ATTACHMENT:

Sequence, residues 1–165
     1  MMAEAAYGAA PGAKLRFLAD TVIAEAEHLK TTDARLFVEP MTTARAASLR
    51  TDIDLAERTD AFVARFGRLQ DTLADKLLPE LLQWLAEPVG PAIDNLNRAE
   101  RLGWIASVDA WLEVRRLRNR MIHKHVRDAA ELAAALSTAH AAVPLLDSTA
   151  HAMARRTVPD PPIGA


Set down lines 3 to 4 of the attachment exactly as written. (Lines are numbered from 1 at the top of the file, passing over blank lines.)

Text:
    51  TDIDLAERTD AFVARFGRLQ DTLADKLLPE LLQWLAEPVG PAIDNLNRAE
   101  RLGWIASVDA WLEVRRLRNR MIHKHVRDAA ELAAALSTAH AAVPLLDSTA